The Russian Plane That Killed Poland’s President In 2010 May Have Been Packed With Explosives

Polish investigators conducting the inquiry into the plane crash that killed President Lech Kaczynski and 95 others in 2010 have detected “chemical structures similar to those in high-energy materials such as, for example, explosive materials” in the wreckage. However these materials could have come from many sources, including pesticides, according to prosecutors.

The announcement follows a report in Poland’s Rzeczpospolita newspaper which claimed traces of explosives including nitroglycerine and TNT had been discovered amid the wreckage of the TU-154 plane. Traces of the chemicals were found on the wings and in the cabin, including on 30 seats, during analysis in Russia, the paper reported.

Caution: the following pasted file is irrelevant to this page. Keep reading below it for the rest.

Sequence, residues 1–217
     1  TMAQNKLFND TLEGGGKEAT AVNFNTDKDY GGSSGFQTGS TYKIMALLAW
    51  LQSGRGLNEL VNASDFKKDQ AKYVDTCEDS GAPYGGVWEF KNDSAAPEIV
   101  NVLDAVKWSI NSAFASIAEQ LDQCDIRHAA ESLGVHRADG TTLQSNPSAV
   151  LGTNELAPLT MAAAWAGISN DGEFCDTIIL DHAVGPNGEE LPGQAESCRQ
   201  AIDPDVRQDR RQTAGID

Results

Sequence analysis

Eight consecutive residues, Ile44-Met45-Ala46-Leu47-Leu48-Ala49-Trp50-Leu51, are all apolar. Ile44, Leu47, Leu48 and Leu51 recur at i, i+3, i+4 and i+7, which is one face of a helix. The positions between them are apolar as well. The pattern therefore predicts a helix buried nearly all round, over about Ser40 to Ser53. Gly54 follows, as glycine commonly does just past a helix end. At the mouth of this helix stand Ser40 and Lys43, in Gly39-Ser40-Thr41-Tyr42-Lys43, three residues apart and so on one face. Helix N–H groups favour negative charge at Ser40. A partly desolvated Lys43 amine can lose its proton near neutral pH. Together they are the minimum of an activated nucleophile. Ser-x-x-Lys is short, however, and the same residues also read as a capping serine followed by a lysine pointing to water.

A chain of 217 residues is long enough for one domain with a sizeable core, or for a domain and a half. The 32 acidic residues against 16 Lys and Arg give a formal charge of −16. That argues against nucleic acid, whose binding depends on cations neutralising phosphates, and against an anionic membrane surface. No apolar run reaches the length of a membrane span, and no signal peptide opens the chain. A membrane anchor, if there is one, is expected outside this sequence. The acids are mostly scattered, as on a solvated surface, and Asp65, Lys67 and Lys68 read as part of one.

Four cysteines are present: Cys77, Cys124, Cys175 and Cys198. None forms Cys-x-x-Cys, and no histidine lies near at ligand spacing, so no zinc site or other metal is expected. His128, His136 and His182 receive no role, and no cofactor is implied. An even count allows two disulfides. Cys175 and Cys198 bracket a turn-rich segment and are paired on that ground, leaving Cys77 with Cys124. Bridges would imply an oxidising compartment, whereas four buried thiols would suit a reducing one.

Meanwhile, Jarosław Kaczynski, the twin brother of the late president and leader of Poland’s largest opposition party, Law and Justice, said the prosecutor’s statement “looked like a big lie”.

He said the fallout from the crash had caused the prime minister, Donald Tusk, to lose the “moral authority” to rule the country and called for his resignation. Kaczynski has previously claimed Tusk botched the investigation into the crash.

In a further twist, it was revealed on Monday that a key witness to the investigation had been found hanged. Remigiusz Mus, a flight engineer who had landed a plane in Smolensk airport minutes before the disaster, claimed to have heard two explosions before the president’s plane went down.

Full article: The Russian Plane That Killed Poland’s President In 2010 May Have Been Packed With Explosives (Business Insider)

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